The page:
– Paul De Lancey, The Comic Chef

My cookbook, Following Good Food Around the World, with its 180 wonderful recipes, my newest novel, Do Lutheran Hunks Eat Mushrooms, a hilarious apocalyptic thriller, and all my other books, are available on amazon.com.

Categories: cuisine, international | Tags: , , , , , , , , , , , , , , , , , , , , , , , , , | Leave a comment

Chicken Angolana

Angolan Entree

CHICKEN ANGOLANA

INGREDIENTS

2 boneless chicken breasts
2 boneless chicken thighs
1 garlic clove
1 medium onion
1 bay leaf
1½ tablespoons butter
1 teaspoon paprika
½ teaspoon salt
1 12-ounce can beer
1 tablespoon olive oil
1½ tablespoons palm oil
2 teaspoons tomato paste
2 teaspoons vinegar

Serves 4. Takes 45 minutes.

PREPARATION

Cut chicken breasts and chicken thighs into 1″ cubes. Dice garlic clove and onion. Put all ingredients in pot. Simmer at low-medium heat for 15 minutes, then reduce heat to low and stir for another 15 minutes. Stir occasionally.

TIDBITS

1) Chickens d’Angola look fierce.

2) They do everything as a flock. Indeed traveling as flock on the ground–Oh, I so want to use the word herd–is the only activity that stimulates to urge to mate.

3) There you have it; chickens d’Angola are fierce and engage in mobile, group sex.

4) Which, are of course, the two requirements for a successful play.

5) Indeed, in 1932, the great playwright Bertold Brecht wrote the satirical play, Chicken Angolana.

6) Unfortunately, chickens d’Angolana are black and Himmler, had just issued black uniforms to his evil SS. He felt that the black chickens were a metaphor for the SS, took offense, and banned the play.

7) Indeed, Himmler hounded Brecht until the great playwright left Germany. Bertold’s brilliant play remained shelved for decades. Even now, productions of Chicken Angolana can only be found in neighborhood theaters in Berlin and, strangely enough, in Paducah, Kentucky.

– Paul De Lancey, The Comic Chef

My cookbook, Following Good Food Around the World, with its 180 wonderful recipes, my newest novel, Do Lutheran Hunks Eat Mushrooms, a hilarious apocalyptic thriller, and all my other books, are available on amazon.com.

Categories: cuisine, history, international | Tags: , , , , , , , , , , , , , , , , , , , , , | Leave a comment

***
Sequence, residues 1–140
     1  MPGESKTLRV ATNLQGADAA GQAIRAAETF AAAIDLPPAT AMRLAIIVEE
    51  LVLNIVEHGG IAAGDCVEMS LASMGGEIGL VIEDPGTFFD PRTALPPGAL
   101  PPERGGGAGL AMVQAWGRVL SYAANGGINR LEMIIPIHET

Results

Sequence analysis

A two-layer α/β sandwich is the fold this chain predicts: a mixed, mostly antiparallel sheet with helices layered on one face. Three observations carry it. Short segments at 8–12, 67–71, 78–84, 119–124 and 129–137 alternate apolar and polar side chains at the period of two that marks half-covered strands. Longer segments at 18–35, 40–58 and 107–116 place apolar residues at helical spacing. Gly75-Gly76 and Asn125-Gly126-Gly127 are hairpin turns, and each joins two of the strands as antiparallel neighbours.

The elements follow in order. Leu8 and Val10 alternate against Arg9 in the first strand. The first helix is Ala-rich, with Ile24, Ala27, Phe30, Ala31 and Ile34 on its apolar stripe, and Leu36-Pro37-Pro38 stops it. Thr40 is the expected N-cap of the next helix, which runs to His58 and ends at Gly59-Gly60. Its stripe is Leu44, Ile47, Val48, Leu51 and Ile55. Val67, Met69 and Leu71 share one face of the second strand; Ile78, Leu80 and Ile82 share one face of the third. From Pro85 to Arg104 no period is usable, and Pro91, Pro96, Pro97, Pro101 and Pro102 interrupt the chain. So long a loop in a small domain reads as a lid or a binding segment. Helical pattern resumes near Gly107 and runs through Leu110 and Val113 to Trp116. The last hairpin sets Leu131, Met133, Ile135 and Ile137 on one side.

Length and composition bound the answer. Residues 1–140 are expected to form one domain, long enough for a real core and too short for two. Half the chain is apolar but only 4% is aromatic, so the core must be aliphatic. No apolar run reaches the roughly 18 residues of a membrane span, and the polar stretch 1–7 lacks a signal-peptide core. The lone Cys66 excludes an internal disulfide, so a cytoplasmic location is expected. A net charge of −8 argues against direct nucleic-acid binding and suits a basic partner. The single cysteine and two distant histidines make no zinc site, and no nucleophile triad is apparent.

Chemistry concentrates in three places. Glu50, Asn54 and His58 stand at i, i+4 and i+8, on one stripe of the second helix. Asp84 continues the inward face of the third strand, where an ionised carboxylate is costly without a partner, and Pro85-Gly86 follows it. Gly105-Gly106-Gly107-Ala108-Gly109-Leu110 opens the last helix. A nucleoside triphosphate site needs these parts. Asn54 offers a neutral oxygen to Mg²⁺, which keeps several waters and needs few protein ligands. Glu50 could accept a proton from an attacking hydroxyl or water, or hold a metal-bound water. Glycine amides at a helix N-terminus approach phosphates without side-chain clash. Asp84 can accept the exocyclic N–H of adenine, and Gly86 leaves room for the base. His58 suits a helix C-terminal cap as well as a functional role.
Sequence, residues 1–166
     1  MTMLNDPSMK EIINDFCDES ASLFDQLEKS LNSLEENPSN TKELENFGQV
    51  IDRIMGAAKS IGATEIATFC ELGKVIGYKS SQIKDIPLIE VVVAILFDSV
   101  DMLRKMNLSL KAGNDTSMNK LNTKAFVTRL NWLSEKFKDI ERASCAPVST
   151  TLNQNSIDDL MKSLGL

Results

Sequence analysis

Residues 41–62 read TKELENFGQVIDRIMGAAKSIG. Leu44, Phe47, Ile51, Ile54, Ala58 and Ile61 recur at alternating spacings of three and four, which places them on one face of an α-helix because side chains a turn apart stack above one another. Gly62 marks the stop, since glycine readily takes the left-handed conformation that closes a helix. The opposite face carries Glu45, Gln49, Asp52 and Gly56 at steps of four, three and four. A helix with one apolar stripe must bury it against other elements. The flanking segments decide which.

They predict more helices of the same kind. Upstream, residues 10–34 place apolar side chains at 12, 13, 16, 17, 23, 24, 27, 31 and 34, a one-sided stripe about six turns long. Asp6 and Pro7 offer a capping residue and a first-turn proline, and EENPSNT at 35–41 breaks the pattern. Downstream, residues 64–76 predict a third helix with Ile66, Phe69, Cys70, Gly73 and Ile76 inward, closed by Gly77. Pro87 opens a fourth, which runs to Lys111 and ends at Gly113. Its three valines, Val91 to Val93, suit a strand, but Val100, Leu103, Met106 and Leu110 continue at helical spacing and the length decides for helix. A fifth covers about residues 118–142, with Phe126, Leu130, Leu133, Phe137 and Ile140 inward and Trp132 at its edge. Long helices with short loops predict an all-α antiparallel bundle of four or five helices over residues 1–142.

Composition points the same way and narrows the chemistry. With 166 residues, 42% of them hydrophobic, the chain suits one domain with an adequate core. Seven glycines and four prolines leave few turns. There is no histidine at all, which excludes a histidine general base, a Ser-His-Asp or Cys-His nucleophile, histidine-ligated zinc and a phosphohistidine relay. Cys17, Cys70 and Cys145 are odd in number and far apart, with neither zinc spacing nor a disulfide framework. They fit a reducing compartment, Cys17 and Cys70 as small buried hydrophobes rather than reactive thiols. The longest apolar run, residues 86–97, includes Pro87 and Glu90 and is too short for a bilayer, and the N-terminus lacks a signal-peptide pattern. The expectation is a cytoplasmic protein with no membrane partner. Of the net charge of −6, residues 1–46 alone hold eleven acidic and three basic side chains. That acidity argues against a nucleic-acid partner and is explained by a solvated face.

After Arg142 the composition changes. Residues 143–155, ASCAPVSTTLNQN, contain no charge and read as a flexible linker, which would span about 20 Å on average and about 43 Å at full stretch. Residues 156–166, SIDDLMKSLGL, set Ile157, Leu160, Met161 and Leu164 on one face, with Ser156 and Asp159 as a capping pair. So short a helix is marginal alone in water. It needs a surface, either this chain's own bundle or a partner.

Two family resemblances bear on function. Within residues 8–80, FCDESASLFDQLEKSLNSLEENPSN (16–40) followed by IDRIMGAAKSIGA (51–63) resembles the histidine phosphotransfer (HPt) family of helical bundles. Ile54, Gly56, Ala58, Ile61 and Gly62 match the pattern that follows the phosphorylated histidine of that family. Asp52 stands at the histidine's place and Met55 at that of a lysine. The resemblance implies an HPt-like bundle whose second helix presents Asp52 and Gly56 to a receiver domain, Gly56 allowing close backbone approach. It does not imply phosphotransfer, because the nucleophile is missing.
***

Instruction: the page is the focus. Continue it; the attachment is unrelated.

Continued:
Smoked Paprika Chicken

American Entree

SMOKED PAPRIKA CHICKEN

INGREDIENTS

2 teaspoons brown sugar
½ teaspoon cayenne pepper
1 teaspoon garlic powder
½ tablespoon garlic salt
2 teaspoons paprika
1 teaspoon pepper
2 teaspoons sea salt
5 chicken breasts
1 bags wood chips (alder, apple, maple, olive, pecan, or walnut)

SPECIAL UTENSILS

electric smoker
digital thermometer (if your smoker doesn’t have one)
tin foil

Serves 5. Takes 2 hours.*

PREPARATION

Preheat smoker to 225 degrees. Add all ingredients except chicken breasts and wood chips to small mixing bowl. Mix with fork until spice mix is well blended. Rub spice mix equally over chicken breasts. Add wood chips to smoker. Add spiced chicken to smoker. Smoke chicken at 225 degrees until internal temperature of chicken is at least 165 degrees. The thermometer should be inserted into the thicket part of the meat.

Check every 15 minutes. This should take 1-to-2 hours.* If you’re lucky, your smoker will be set up so that your smart phone will tell you when it’s done. Carefully remove chicken breasts from smoker, place them on a plate, cover them with tin foil, and let sit for 15 minutes.

* = Please note that the various smokers perform differently. So, check the manual for placement of chicken in smoker, cooking temperature, how to use wood chips, and other pertinent information.

TIDBITS

1) The Southern tobacco crop failed in 1858. Desperate good ol’ boys took to smoking spinach, cauliflower, and squash. These all proved to be quite distasteful failures. In 1859, Andrew Calhoun rolled paprika-spiced chicken in his cigarette papers. It tasted great. Things were fine. Then, in 1860, Lincoln ran for president on the anti-smoked chicken platform. Prominent Southerners claimed he was trying to destroy their way of life. The South seceded. But the North won the Civil War and banned chicken smoking. This is why we only smoke tobacco.

– Chef Paul

My cookbook, Following Good Food Around the World, with its 180 wonderful recipes, my newest novel, Do Lutheran Hunks Eat Mushrooms, a hilarious apocalyptic thriller, and all my other books, are available on amazon.com.

 

Categories: cuisine, history | Tags: , , , , , , , , , , , , , , , , , , , | 2 Comments

Chicken alla Valdostana

Italian Entree

CHICKEN ALLA VALDOSTANA

INGREDIENTS

4 chicken breasts
¼ cup flour
¼ teaspoon pepper
½ teaspoon salt
1½ tablespoons butter
1½ tablespoons olive oil
½ cup dry white wine
4 proscuitto (aka Parma ham) slices
4 slices Fontina or Gruyère or Gouda slices

SPECIAL UTENSIL

kitchen mallet

Serves 4. Takes 45 minutes.

PREPARATION

Pound chicken breasts with kitchen mallet until they are ½” thick. Add flour, pepper, and salt to mixing bowl. Add chicken breasts to bowl. Turn chicken breasts until they are thoroughly coated. Add butter and oil to large frying pan. Use high heat until butter melts and foams. Stir frequently to ensure even melting. Add chicken breasts. Sauté at medium-high heat for 5 minutes on each side on until both sides turn golden brown. Remove chicken and set aside. Keep butter and oil.